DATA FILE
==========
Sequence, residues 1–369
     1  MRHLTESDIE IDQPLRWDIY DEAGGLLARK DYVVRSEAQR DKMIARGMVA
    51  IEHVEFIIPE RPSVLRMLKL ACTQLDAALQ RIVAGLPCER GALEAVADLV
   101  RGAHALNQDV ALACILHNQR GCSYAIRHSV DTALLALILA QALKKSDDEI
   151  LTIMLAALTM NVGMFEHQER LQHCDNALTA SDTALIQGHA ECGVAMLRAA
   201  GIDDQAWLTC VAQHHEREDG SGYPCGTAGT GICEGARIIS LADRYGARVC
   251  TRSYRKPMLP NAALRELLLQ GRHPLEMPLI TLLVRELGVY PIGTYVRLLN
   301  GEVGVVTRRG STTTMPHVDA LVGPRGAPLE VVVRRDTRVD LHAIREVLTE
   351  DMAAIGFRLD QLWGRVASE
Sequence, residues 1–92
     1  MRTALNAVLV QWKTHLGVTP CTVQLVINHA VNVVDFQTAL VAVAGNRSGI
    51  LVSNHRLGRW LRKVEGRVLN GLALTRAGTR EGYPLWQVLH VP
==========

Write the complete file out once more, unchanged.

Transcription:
Sequence, residues 1–369
     1  MRHLTESDIE IDQPLRWDIY DEAGGLLARK DYVVRSEAQR DKMIARGMVA
    51  IEHVEFIIPE RPSVLRMLKL ACTQLDAALQ RIVAGLPCER GALEAVADLV
   101  RGAHALNQDV ALACILHNQR GCSYAIRHSV DTALLALILA QALKKSDDEI
   151  LTIMLAALTM NVGMFEHQER LQHCDNALTA SDTALIQGHA ECGVAMLRAA
   201  GIDDQAWLTC VAQHHEREDG SGYPCGTAGT GICEGARIIS LADRYGARVC
   251  TRSYRKPMLP NAALRELLLQ GRHPLEMPLI TLLVRELGVY PIGTYVRLLN
   301  GEVGVVTRRG STTTMPHVDA LVGPRGAPLE VVVRRDTRVD LHAIREVLTE
   351  DMAAIGFRLD QLWGRVASE
Sequence, residues 1–92
     1  MRTALNAVLV QWKTHLGVTP CTVQLVINHA VNVVDFQTAL VAVAGNRSGI
    51  LVSNHRLGRW LRKVEGRVLN GLALTRAGTR EGYPLWQVLH VP